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MEETING AT NIGHT.

I.

THE grey sea and the long black land;
And the yellow half-moon large and low;
And the startled little waves that leap
In fiery ringlets from their sleep,
As I gain the cove with pushing prow,
And quench its speed i' the slushy sand.

II.
Then a mile of warm sea-scented beach;
Three fields to cross till a farm appears ;
A tap at the pane, the quick sharp scratch
And blue spurt of a lighted match,
And a voice less loud, through joys and fears,
Than the two hearts beating each to each !

PARTING AT MORNING.

ROUND the

of a sudden came the sea, And the sun looked over the mountain's rim: And straight was a path of gold for him, And the need of a world of men for me.

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WOMEN AND ROSES.

I.

I DREAM of a red-rose tree.
And which of its roses three
Is the dearest rose to me?

II.

Round and round, like a dance of snow
In a dazzling drift, as its guardians, go
Floating the women faded for ages,
Sculptured in stone, on the poet's pages.
Then follow women fresh and gay,
Living and loving and loved to-day.
Last, in the rear, flee the multitude of maidens,
Beauties yet unborn. And all, to one cadence,
They circle their rose on my rose tree.

III.

Dear rose, thy term is reached,
Thy leaf hangs loose and bleached :
Bees pass it unimpeached.

IV.

Stay then, stoop, since I cannot climb,
You, great shapes of the antique time,

freeze you,

How shall I fix

you,
fire

you,
Break my heart at your feet to please you?
Oh, to possess and be possessed !
Hearts that beat 'neath each pallid breast !
Once but of love, the poesy, the passion,
Drink but once and die !—In vain, the same fashion,
They circle their rose on my rose tree.

V.

Dear rose, thy joy 's undimmed ;
Thy cup is ruby-rimmed,
Thy cup's heart nectar-brimmed.

VI.

Deep, as drops from a statue's plinth
The bee sucked in by the hyacinth,
So will I bury me while burning,
Quench like him at a plunge my yearning,
Eyes in your eyes, lips on your lips !
Fold me fast where the cincture slips,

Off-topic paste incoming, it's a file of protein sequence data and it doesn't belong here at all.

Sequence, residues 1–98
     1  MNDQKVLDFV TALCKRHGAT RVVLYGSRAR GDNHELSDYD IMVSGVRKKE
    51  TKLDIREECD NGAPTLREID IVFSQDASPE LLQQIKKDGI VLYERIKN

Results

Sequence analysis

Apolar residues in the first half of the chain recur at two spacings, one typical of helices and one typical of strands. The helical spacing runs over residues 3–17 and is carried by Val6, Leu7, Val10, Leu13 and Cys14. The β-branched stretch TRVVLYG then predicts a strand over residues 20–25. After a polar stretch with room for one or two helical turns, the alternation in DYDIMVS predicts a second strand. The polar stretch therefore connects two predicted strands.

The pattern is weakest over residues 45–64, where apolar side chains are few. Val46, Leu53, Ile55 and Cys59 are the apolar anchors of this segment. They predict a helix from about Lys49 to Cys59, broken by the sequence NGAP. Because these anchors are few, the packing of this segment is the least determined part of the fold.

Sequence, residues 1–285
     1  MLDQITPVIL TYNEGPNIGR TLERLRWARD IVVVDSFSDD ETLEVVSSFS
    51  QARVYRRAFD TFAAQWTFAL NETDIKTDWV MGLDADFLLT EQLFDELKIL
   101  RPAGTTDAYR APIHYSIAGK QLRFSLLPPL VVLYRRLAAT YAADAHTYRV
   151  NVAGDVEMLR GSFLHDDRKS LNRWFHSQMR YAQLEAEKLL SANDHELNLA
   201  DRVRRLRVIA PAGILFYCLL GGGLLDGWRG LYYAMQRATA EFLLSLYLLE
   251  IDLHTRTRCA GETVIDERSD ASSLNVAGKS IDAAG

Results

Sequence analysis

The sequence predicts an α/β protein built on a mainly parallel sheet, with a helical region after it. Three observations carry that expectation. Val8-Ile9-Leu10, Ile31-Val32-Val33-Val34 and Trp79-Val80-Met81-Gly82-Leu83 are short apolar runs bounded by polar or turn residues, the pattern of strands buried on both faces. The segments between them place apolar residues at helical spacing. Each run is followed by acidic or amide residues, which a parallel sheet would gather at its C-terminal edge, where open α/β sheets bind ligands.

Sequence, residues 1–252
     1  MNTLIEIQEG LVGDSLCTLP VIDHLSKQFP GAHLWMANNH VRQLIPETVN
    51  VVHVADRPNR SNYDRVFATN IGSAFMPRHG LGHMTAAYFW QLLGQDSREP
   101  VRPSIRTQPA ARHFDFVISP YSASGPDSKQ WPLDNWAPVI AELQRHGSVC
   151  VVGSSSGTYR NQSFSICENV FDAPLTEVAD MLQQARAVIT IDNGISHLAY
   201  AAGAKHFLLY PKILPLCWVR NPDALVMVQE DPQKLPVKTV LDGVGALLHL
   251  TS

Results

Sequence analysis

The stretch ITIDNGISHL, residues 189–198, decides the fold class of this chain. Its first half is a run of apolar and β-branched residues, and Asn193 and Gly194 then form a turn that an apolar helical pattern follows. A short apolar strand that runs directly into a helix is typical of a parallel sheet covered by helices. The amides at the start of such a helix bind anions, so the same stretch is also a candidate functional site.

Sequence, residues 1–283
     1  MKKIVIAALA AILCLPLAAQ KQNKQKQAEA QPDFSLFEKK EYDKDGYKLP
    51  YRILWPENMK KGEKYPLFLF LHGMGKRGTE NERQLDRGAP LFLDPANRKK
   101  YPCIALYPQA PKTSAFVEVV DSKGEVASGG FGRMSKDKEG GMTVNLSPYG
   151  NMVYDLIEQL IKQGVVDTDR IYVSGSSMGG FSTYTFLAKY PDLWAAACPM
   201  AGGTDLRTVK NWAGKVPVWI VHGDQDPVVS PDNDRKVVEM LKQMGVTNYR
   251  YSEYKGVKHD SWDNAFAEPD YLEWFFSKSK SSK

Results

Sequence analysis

Prison all my soul in eternities of pleasure,
Girdle me for once! But no—the old measure,
They circle their rose on my rose tree.

VII.

Dear rose without a thorn,
Thy bud's the babe unborn:
First streak of a new morn.

VIII.

Wings, lend wings for the cold, the clear !
What is far conquers what is near.

Roses will bloom nor want beholders,
Sprung from the dust where our flesh moulders.
What shall arrive with the cycle's change?
A novel grace and a beauty strange.
I will make an Eve, be the Artist that began her,
Shaped her to his mind !--Alas ! in like manner
They circle their rose on my rose tree.

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This is a spray the bird clung to,

Making it blossom with pleasure,
Ere the high tree-top she sprung to,

Fit for her nest and her treasure.

Oh, what a hope beyond measure
Was the poor spray's, which the flying feet hung to,-
So to be singled out, built in, and sung to!

II.

This is a heart the queen leant on,

Thrilled in a minute erratic,
Ere the true bosom she bent on,

Meet for love's regal dalmatic.

Oh, what a fancy ecstatic
Was the poor heart's, ere the wanderer went on,-
Love to be saved for it, proffered to, spent on!

A PRETTY WOMAN.

I.

THAT fawn-skin-dappled hair of hers,

And the blue eye

Dear and dewy,
And that infantine fresh air of hers !

II.

To think men cannot take you, Sweet,

And enfold you,

Ay, and hold you,
And so keep you what they make you,

Sweet !

III.
You like us for a glance, you know-

For a word's sake

Or a sword's sake : All 's the same, whate'er the chance, you know.

IV.

And in turn we make you ours, we say

You and youth too,

Eyes and mouth too,
All the face composed of flowers, we say.

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